Glad I could help. Actually the cell phone test is a very nice one I didn't think of. Some people over here think that driving and phoning do no influence eachother (you just end up doing both things bad!).<br><br>From my own experience, I now that the flu has a great impact too.<br>
The button has 4 pins. When we press the button it blocks current.<br><br>Thanks for your help ... it's very nice of you. We're getting nervous about my daughter's science project, so your help is really appreciated.
Hello again,<br>I was looking thru old comments and noticed that you said you would send a patch if I made this and published it and reminded you. . Which I did and was wondering if the offer is still good. :)<br><br>Thanks
Hey, I just published an Instructable based on this and I hope I gave you the correct credit . Please advice if I should have done something more . I am new at this. Thanks again.
No need to worry...<br>And it looks great!
Hey again, here is my project<br>http://www.instructables.com/id/Reaction-Timer/
just wondering did you get this idea from any kits of any sort and btw are you using parallax or adurnio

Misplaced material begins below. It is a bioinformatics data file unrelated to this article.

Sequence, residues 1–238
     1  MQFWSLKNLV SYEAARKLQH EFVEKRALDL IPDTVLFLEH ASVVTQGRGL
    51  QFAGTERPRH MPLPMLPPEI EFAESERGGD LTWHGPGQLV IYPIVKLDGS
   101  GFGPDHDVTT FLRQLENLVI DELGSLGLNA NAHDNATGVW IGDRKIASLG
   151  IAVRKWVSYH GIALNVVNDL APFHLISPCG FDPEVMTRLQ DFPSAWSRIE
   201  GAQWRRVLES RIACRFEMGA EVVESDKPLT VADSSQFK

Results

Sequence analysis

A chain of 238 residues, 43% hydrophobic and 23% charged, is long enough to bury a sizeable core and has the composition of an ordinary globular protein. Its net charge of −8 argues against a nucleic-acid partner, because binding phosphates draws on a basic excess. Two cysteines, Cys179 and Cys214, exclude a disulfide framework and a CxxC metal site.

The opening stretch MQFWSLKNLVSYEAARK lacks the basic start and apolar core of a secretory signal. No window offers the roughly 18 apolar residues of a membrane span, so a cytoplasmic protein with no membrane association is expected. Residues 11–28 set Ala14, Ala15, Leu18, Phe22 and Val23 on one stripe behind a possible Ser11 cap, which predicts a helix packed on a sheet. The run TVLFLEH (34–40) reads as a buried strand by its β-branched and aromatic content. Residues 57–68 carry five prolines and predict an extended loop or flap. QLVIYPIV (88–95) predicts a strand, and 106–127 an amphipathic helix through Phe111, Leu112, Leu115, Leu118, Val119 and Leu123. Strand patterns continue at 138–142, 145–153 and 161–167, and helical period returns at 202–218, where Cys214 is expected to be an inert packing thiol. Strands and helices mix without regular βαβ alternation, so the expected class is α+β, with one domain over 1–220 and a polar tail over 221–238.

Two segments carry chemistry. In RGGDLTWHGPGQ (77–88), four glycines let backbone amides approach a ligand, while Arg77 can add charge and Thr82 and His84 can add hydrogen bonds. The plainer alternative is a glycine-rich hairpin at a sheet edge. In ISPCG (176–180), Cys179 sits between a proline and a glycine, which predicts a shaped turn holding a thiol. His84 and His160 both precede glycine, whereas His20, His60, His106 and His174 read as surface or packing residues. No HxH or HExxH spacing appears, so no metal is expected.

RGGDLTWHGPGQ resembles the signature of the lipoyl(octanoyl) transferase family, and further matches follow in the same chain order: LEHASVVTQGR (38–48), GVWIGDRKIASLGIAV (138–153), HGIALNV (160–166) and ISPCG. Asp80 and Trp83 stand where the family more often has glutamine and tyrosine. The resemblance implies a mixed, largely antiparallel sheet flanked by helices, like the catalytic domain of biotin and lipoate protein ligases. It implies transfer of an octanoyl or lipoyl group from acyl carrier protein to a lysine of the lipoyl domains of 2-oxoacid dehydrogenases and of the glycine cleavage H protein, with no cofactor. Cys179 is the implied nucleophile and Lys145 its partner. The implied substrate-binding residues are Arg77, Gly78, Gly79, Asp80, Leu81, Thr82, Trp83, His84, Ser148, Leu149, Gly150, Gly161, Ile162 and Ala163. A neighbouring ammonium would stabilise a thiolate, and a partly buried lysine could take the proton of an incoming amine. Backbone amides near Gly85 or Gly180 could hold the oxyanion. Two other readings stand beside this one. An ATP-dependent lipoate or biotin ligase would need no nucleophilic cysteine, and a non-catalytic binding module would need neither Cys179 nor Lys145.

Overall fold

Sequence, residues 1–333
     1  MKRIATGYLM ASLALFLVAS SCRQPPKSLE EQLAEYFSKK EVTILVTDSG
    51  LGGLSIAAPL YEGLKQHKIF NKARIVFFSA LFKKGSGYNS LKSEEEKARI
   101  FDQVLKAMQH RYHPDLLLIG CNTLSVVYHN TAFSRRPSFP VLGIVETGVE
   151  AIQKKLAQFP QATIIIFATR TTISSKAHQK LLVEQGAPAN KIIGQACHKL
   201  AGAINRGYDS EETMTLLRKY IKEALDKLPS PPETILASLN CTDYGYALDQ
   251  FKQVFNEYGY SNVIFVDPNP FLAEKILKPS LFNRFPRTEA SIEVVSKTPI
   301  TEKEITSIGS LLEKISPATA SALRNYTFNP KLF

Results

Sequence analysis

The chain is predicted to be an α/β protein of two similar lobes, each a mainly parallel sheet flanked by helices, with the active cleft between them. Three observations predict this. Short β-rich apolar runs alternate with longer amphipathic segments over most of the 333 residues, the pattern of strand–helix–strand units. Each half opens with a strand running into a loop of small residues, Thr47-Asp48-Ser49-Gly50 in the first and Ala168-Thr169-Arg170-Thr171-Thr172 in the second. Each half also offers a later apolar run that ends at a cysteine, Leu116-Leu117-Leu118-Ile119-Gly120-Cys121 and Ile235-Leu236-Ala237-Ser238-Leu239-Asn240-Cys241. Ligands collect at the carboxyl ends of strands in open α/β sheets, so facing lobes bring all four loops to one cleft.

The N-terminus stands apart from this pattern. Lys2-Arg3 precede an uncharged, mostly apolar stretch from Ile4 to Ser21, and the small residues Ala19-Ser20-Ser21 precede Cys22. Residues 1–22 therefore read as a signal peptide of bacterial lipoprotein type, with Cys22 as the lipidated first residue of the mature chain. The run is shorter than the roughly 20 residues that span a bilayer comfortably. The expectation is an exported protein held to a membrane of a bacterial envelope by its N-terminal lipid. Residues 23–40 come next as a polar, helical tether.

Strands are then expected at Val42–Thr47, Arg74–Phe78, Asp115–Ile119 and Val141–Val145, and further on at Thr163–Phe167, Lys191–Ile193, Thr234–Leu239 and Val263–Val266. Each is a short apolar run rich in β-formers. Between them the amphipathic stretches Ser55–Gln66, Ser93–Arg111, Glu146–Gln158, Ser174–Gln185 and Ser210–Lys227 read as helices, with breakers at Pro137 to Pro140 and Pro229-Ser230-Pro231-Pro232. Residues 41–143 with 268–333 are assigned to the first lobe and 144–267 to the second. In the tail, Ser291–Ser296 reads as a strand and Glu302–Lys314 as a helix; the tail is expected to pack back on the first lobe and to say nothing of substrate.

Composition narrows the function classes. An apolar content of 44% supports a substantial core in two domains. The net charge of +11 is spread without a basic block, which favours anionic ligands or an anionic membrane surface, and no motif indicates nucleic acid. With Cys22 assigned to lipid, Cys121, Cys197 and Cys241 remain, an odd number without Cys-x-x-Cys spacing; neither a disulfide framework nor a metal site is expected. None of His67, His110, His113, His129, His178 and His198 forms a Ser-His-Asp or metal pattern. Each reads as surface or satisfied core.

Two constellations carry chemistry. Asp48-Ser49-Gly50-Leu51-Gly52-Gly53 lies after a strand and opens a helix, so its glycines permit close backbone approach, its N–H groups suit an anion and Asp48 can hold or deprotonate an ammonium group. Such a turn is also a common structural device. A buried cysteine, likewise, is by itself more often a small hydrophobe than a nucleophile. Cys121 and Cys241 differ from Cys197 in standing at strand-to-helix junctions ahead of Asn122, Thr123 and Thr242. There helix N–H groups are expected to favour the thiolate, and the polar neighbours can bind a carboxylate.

No not really, although it's not the first and not the last reaction time tester in the world. <br>It started quite simple with 1 red Led. Then replaced it with a RGB Led and finally added some sound as well.<br>It corresponds actually quite well with the tutorials I have been reading while learning Arduino (see Intro).<br>
yeh bro any ways really nice instructable
Very nice project! I like the casing.
Thanks and congrats to you for reaching the finals!
awesome project :)
What is its use in daily life(practical use)?
it measures the reaction time of human beings...
nice job, smart idea and well supported. Cherry in the cake is the yellow funcy color you choose.
What LCD display did you use? do you have a part number?
See attachment.
Thanks. I want to make this. Nice instructable.
Make it, publish an Instructable (Photos or Step-by-step) it and I'll send you a Patch!<br>Help me remind though!
The attachment somehow failed...<br><br>LCD 16x2 with backlight<br>MC 1602C8-SYL<br>Everbouquet Int (Taiwan).<br><br>But Toshiba makes them as well...
Out of curiosity, what was the total cost (approximate)? Total time needed to build?
Oh yeah, the time.<br>Painting will take most of the time (drying of several layers). Few days.<br>Building, if you have all the materials, some experience and this I'ble: 2 hours.